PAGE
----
Cristina Carrascosa is the only Spanish woman chosen to be part of the Observatory and Blockchain forum of the European Union. As a lawyer, her mission in this working group is to study and define a regular framework for this technology, something more than necessary, as she affirms in this interview.
However, Carrascosa does much more than that. In addition to her work as a teacher, she also advises companies to comply with legal issues in the development of decentralized projects.
If you were looking for the voice of an expert in blockchain, Carrascosa tweets every day about everything that concerns the blockchain. We have had the opportunity to give you this brief interview.
Open Data Security: When you discovered Blockchain, you moved to Madrid to work closer to the people dedicated to this incipient technology. What did you see then that fascinated you so much to make this change?
Cristina Carrascosa: A new way of operating. I saw in the Smart Contracts a confluence between the computer code and the legal transactions that I was interested in discovering. At that time, there weren’t ICOs and there was not so much cryptoactive, but to me it was relevant to see how Ethereum works.
ODS: In an interview you stated that “the token represents the democratization of the financial market”, is it important for everyone to know what blockchain is and how it can improve their lives?
Carrascosa: No, I do not think so. Like everything, we must relativize. Blockchain won’t bring peace to the world, it isn’t the solution to everything, and of course, I don’t think that everyone will use it. I simply believe that it is the access to a new financial market, extremely volatile, only suitable for those who really know where they are going to put their money.
ODS: What would you say to those who listen or read about Blockchain (especially in media) and relate it only to one more form of speculation?
Carrascosa: I would not tell them anything. Speculation is one more use of this technology that has always existed. It is evident that Blockchain is more than speculation, but speculation is not bad (in global terms). Blockchain for me has two clear slopes, the speculative and the business-technological. And people don’t necessarily have to position themselves in both, I don’t do it. There will be those who are interested in building projects without ICOs, and those who are interested in the speculative part. It has always been like this.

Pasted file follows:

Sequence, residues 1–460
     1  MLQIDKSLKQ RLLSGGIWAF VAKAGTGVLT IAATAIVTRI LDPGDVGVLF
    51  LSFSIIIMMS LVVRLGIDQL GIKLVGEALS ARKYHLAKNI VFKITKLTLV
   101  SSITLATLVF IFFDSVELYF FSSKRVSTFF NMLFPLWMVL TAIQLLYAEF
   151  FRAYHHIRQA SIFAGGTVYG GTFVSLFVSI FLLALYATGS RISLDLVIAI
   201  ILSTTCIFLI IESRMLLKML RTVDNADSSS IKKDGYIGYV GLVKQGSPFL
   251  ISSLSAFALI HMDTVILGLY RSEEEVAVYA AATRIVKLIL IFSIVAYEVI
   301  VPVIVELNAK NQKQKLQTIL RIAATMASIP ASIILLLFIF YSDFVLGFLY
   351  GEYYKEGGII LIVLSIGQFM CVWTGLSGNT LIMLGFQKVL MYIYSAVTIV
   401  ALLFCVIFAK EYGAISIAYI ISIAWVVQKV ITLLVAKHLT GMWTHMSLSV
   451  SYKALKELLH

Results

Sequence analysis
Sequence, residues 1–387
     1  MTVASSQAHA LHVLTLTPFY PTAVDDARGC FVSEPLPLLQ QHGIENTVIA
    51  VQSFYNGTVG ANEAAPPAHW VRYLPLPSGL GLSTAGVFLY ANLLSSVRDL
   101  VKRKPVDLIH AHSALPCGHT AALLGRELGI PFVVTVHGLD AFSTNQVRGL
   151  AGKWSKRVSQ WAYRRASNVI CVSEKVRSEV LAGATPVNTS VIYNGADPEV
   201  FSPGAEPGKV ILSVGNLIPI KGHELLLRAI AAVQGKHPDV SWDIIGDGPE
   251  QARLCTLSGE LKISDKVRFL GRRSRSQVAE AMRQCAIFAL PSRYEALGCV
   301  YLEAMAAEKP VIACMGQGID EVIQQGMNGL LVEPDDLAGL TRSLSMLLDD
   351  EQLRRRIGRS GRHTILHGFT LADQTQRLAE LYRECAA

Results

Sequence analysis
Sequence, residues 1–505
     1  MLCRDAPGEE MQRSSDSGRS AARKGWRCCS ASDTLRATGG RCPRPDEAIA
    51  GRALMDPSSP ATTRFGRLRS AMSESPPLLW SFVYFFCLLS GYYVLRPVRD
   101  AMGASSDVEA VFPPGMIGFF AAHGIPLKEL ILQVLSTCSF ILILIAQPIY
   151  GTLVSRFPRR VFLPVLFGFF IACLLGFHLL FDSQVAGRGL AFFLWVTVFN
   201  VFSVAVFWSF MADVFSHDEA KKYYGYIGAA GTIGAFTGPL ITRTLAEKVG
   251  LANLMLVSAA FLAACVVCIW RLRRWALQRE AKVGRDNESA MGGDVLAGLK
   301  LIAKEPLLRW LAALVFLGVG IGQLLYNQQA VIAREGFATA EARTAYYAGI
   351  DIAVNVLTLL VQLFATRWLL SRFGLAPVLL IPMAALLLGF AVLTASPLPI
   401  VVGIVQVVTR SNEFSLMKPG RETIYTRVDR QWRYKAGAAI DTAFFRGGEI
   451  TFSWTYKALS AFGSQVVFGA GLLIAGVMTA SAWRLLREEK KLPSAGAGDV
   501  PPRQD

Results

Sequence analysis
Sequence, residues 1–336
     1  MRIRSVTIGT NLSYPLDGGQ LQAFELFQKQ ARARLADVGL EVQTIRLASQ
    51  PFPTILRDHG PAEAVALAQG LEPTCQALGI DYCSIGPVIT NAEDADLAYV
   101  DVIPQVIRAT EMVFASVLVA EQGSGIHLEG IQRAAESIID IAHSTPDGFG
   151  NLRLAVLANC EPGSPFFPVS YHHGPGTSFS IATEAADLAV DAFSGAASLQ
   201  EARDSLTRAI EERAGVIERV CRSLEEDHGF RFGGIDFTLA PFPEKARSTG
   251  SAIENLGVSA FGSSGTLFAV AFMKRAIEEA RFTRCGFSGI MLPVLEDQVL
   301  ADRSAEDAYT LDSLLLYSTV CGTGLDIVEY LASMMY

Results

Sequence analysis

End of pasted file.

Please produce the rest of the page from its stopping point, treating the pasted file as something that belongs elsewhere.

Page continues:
ODS: You often say that a regulation is needed. Due to the decentralized nature of blockchain and the fact that borders are diluted when we talk about the Internet and protocols, should a regulation be established under a common framework like the GDPR?
Carrascosa: Yes, because one of the effects of blockchain technology is that it provokes competition between governments. Let me explain this: you just have to see the ICO market. There are countries that have moved forward with their regulatory frameworks, allowing and favoring the launch of ICOs and attracting projects from other countries, which don’t have clear regulations or which are less beneficial for them. This competition creates inequality, an inequality that if it wants to be alleviated, can only be from a common framework.
ODS: Predict a future for blockchain 10 years from now, will it change our lives like the Internet did?
Carrascosa: What a difficult question! For me, as a lawyer, I don’t think that it will change things in our profession. But I do believe that it will revolutionize some (some, not all) sectors. Currently, we go through a moment of “blockchain for everything” that will relax, and we will begin to see clear uses that add value. Right now that is very complicated.